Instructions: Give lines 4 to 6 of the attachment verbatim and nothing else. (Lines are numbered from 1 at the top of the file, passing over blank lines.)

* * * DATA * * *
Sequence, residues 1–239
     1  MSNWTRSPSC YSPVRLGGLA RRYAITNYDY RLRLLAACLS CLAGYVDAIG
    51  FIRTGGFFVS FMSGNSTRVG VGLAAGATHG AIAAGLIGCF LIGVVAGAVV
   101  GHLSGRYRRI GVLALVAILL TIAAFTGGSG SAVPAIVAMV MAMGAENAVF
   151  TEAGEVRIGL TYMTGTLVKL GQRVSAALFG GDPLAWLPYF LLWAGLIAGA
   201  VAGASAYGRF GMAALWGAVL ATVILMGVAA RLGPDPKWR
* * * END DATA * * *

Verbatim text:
   101  GHLSGRYRRI GVLALVAILL TIAAFTGGSG SAVPAIVAMV MAMGAENAVF
   151  TEAGEVRIGL TYMTGTLVKL GQRVSAALFG GDPLAWLPYF LLWAGLIAGA
   201  VAGASAYGRF GMAALWGAVL ATVILMGVAA RLGPDPKWR